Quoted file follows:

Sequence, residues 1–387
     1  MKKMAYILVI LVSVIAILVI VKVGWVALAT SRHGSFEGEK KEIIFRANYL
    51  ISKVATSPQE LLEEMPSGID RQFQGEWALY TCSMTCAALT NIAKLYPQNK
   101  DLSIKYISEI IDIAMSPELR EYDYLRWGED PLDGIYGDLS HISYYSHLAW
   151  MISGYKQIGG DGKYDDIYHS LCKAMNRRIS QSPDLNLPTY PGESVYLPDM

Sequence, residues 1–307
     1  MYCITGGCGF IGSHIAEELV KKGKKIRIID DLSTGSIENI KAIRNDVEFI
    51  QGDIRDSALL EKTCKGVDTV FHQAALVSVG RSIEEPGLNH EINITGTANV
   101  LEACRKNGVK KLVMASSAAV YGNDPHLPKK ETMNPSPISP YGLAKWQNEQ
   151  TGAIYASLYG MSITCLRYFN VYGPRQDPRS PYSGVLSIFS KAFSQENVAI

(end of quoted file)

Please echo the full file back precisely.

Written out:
Sequence, residues 1–387
     1  MKKMAYILVI LVSVIAILVI VKVGWVALAT SRHGSFEGEK KEIIFRANYL
    51  ISKVATSPQE LLEEMPSGID RQFQGEWALY TCSMTCAALT NIAKLYPQNK
   101  DLSIKYISEI IDIAMSPELR EYDYLRWGED PLDGIYGDLS HISYYSHLAW
   151  MISGYKQIGG DGKYDDIYHS LCKAMNRRIS QSPDLNLPTY PGESVYLPDM

Sequence, residues 1–307
     1  MYCITGGCGF IGSHIAEELV KKGKKIRIID DLSTGSIENI KAIRNDVEFI
    51  QGDIRDSALL EKTCKGVDTV FHQAALVSVG RSIEEPGLNH EINITGTANV
   101  LEACRKNGVK KLVMASSAAV YGNDPHLPKK ETMNPSPISP YGLAKWQNEQ
   151  TGAIYASLYG MSITCLRYFN VYGPRQDPRS PYSGVLSIFS KAFSQENVAI